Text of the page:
Not surprisingly, the study by Jupiter Research found that parents with young children were most interested in the location-based services. The research firm reported that 42 percent of mobile owners with children under the age of 13 would be interested in a mobile service that tracks the location of the child.
Disney launched a service last year with a similar feature. The company has estimated that roughly 30 percent of its subscribers use phone-tracking.
Protective parents were not the only group expressing an interest location-based services.
The study found that 26 percent of mobile phone owners between the ages of 18 and 24 would be willing to pay extra for a social-networking service that would track friends' locations.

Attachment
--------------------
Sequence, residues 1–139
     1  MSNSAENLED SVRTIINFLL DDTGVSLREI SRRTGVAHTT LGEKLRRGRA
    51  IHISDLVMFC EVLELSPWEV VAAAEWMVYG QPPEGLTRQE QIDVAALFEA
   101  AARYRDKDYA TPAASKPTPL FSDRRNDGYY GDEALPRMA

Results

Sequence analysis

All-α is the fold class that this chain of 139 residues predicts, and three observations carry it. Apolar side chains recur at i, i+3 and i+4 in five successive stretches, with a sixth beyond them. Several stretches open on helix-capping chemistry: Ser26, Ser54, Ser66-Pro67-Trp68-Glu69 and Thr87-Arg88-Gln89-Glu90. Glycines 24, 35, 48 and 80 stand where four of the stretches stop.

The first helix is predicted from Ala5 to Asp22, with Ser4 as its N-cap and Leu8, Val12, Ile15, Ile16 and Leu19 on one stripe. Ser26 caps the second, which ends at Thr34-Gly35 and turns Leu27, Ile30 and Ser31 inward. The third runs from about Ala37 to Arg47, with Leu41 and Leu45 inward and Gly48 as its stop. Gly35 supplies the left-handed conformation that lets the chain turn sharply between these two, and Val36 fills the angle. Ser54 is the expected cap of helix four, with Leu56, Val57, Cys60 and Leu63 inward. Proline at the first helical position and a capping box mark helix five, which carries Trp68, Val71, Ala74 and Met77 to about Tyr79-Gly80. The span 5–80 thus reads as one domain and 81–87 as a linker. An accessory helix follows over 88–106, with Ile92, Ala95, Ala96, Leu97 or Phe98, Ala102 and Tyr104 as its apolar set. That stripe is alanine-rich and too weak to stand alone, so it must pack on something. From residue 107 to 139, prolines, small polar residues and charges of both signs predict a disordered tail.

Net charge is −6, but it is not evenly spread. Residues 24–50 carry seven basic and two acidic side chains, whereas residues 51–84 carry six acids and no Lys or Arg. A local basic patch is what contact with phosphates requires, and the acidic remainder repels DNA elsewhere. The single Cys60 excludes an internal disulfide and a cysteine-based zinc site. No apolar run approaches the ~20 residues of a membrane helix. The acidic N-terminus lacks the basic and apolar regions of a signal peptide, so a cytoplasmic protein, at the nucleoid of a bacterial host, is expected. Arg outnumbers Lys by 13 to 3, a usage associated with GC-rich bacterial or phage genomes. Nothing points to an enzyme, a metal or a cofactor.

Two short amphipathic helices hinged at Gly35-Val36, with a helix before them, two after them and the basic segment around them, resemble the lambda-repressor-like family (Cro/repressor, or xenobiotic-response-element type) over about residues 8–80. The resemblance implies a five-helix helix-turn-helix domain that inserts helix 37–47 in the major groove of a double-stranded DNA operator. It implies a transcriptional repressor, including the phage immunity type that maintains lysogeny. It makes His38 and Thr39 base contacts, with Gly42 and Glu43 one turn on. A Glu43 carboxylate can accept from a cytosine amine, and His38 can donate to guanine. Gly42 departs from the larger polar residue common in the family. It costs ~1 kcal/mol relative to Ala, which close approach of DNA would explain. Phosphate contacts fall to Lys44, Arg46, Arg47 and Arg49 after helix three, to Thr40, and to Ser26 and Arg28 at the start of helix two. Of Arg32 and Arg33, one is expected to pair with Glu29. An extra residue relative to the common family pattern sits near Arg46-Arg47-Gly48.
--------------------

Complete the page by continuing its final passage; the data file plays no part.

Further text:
Location-based mobile services have been slow to gather steam. The report noted that currently just 3 percent of users make any use of location-based services such as GPS and navigation offerings.
Analysts, however, are optimistic about the long-term outlook for location-based services.
Research firm In Stat predicted in a July report that the Chinese market for the services would soon take off.
The firmed also forecasts that the US market for location-based offerings will balloon to 1.1m users over the next three years.
Consumers clamoring for mobile trackers
By Shaun Nichols on Aug 7, 2007 10:48AM